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Published on : Apr 28, 2015

According to a report released by BofA Merrill Lynch Global Research, the unregulated P2P (peer to peer) lending sector in China may pose serious problems related to the high default risk. The industry has witnessed spontaneous growth and had reached RMB100 billion (US$16 billion) by 2014. In order to increase competition in the private banking sector, the Chinese government had not really regulated the growth of the P2P lending sector. The country’s security regulator along with the People’s Bank of China has started working on a regulatory framework for the sector.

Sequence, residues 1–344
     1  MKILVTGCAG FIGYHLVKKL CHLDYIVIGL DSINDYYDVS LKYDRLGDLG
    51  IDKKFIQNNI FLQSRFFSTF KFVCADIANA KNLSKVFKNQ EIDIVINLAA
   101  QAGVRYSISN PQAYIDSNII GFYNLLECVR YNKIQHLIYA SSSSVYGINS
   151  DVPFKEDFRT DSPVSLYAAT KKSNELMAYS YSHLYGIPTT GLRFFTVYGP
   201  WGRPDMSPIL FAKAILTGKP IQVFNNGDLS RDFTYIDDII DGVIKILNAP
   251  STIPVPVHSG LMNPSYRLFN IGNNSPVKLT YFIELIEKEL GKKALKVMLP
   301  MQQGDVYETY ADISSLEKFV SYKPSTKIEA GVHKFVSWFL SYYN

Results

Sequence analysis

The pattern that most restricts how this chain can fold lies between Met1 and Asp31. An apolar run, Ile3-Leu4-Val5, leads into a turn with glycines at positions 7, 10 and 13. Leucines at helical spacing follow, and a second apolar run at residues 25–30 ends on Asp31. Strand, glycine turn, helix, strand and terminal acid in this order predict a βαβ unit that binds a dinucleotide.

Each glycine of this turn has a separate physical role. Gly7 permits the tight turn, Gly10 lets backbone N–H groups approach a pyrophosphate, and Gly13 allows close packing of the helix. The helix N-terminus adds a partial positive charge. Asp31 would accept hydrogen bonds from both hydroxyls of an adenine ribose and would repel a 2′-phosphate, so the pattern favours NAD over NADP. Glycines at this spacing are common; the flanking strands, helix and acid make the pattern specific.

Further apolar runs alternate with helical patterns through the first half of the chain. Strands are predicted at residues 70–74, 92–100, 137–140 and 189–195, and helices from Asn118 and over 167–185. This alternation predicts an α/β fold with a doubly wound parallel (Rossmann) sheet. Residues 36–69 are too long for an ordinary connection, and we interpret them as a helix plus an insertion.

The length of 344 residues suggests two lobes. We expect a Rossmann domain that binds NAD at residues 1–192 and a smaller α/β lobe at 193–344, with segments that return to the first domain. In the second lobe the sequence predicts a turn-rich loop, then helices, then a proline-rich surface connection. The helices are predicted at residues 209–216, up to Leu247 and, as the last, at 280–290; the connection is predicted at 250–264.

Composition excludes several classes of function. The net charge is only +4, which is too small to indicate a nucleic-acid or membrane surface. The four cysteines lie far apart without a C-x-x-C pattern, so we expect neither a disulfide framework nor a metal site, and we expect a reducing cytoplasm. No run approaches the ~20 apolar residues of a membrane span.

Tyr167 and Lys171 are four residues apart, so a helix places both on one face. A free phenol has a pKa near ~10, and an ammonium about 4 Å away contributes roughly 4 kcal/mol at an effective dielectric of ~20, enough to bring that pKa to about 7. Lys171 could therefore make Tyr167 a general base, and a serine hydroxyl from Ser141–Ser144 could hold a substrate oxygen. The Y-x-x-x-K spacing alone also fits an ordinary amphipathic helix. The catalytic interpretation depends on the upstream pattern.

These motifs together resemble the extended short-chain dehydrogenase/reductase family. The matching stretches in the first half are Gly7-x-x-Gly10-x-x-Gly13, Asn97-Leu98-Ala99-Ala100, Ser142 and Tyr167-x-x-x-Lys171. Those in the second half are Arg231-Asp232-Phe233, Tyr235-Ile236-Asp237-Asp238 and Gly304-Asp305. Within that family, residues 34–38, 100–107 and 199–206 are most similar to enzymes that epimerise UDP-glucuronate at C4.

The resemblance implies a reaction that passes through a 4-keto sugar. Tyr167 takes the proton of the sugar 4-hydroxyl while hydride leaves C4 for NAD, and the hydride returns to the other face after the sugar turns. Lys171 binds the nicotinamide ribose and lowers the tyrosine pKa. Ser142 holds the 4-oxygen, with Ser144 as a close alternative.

Similar to the various wealth management products sold by the banks and the financial institutions, the P2P products are priced and sold to the customers as debt or deposit. The P2P platforms charge at a very high rate and have weak credit control. Some of the platforms run pools which might turn into fraudulent schemes. In case of default, it is not clear that who would bear the risk. The P2P platforms assure the lenders with implicit or explicit guarantees, charge the borrowers at very high rates -24% to 36% per annum, and pass on only 8% to 15% back to the lenders. The high profit margin made by the P2P platforms makes the business look lucrative. 

However, the present weak phase of the Chinese economy may give rise to defaulters who would be unable to pay such high rates. Then the damage would not be restricted to only P2P sector. The P2P platforms also serve as funding channels for other shadow banks which includes high-risk lenders. Failure of the P2P platforms will affect the shareholders such as listed banks, internet companies, industrial companies, insurers, and brokers.